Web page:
If it weren’t for my husband Michael, a full-time student and NYC EMT, I don’t think I would have survived the first two years we were in this crazy city. Through thick and thin he’s been my best friend, my biggest fan, he’s picked me up and dusted me off and he’s forced me to move on. He makes me a better person.

Mike and I live in a spacious and sunny apartment in Harlem.  We have three closets and a bathroom sink.  In case you weren’t aware, in Manhattan bathroom sinks and closets are considered really fantastic amenities.  We share this fabuslous amentitied apartment with two dogs, two cats and a python.  We spend eight hours a week vacuuming up pet hair.  That’s not even an exaggeration.

I am a writer, an actor, a Certified Family Law Paralegal and a traveling sales girl.  I earned a BFA from a university-accredited art conservatory, where I spent four years rolling around on the floor in white body make-up making funny noises.  My college transcripts include yoga, tai chi, Punk Writing, Queer Books and Singing For Actors.  In the future I’d like to go back to school and study science.  I’ve always liked looking at the insides of things.

I love Neutral Milk Hotel, The Bangkok Five, and Trent Reznor.  I collect photos of dead animals, I love poop jokes and I frequently say inappropriate things. I hate high heels and fancy clothes.  Cocktail parties and dinner parties terrify me because I always end up being the weird girl alone in the corner with stains on her dress and runs in her stockings.  I’d rather stay home with good friends than go out for a night on the town.  I want to have a baby so badly that sometimes I think my ovaries are talking to me. I miss The Valley.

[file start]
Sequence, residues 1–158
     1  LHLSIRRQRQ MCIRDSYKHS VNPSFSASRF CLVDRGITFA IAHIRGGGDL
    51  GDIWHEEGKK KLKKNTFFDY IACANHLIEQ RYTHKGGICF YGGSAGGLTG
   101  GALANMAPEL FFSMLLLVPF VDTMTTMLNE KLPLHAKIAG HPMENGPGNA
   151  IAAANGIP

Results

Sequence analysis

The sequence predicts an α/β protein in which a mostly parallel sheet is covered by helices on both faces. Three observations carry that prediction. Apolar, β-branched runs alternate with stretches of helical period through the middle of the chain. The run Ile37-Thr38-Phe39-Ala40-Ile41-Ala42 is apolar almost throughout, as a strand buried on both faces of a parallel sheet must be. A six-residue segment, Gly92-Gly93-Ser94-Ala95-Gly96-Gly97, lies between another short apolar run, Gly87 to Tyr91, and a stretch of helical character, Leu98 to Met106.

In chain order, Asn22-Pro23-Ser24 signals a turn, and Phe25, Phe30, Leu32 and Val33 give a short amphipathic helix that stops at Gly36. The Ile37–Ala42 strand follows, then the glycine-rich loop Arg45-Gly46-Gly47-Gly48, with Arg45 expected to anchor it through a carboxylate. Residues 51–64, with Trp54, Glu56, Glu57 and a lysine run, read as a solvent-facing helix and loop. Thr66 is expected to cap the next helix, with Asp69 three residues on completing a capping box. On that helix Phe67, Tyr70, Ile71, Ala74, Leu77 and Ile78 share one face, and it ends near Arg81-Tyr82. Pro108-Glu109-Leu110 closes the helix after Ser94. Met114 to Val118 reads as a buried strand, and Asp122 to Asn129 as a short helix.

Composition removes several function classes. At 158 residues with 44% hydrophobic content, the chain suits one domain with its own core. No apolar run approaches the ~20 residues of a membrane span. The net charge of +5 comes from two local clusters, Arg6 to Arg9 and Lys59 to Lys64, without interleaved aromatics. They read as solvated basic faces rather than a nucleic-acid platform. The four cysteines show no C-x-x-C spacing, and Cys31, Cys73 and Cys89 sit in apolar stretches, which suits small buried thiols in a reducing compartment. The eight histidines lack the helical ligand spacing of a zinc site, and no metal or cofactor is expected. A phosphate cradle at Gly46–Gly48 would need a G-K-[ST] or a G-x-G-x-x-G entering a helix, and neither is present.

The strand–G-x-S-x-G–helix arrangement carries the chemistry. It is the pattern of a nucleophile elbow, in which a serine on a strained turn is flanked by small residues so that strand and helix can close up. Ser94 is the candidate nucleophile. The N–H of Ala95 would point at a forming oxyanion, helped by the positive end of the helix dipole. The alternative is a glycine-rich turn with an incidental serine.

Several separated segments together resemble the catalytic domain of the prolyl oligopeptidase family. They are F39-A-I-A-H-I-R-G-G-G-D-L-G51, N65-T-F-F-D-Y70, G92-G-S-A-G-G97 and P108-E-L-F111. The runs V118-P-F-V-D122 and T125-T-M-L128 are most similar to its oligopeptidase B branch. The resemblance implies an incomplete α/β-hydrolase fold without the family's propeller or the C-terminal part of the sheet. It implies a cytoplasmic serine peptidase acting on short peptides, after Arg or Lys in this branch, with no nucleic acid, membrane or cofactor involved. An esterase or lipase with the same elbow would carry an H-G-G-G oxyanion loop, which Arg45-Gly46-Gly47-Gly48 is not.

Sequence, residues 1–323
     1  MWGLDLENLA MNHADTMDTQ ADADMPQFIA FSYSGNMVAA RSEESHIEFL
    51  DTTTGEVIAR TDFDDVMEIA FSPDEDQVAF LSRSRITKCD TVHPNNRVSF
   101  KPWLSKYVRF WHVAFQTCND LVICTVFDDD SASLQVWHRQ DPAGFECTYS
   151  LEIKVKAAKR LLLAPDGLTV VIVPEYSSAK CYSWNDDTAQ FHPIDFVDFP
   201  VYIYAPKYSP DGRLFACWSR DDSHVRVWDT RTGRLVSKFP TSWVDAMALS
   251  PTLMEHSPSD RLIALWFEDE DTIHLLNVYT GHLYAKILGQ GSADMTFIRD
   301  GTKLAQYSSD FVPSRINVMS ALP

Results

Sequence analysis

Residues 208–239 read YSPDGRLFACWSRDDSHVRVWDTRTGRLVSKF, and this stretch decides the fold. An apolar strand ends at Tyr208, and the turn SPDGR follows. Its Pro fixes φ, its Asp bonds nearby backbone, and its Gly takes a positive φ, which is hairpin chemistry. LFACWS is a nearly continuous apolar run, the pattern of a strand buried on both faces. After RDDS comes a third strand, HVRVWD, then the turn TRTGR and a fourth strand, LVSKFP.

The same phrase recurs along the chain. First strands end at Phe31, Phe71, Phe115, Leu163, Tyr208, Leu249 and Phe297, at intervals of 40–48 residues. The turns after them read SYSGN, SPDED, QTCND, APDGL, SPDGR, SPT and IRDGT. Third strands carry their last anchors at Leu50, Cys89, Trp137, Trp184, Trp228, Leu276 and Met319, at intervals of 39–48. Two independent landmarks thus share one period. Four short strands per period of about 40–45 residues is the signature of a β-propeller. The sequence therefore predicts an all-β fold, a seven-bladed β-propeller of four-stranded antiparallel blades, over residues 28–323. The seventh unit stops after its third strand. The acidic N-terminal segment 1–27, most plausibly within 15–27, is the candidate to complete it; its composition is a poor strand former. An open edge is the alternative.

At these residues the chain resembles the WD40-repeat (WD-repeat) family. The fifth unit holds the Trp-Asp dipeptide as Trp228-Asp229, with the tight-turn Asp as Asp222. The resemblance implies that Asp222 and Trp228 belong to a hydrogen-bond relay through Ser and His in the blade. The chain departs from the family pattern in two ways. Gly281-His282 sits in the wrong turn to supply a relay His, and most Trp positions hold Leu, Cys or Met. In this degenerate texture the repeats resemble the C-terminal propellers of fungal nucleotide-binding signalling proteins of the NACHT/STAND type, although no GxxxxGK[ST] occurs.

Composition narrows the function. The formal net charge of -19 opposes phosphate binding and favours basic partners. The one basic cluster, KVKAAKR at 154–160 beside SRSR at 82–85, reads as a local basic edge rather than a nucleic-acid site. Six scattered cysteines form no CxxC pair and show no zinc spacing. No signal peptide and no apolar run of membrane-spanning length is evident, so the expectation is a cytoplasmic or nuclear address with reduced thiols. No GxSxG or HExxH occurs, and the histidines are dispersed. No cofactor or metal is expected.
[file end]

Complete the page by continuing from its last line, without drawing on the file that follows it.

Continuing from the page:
In addition to A Serious Girl, I edit, compile and write for Ron and Robert on Divorce, a blog that provides information and education to families in crisis.  I also take care of the blog for A Tail At A Time, a NYC based animal rescue.  I started writing my first blog, Frosty-licious, in May of 2007, just three months after moving thousands of miles away from my roots. At first I used blogging as a way to whine about how awful my first-world problems were. After a while I started writing instead of whining and before I knew it writing became my sanctuary.  This blog is my sanctuary.  Thank you for reading.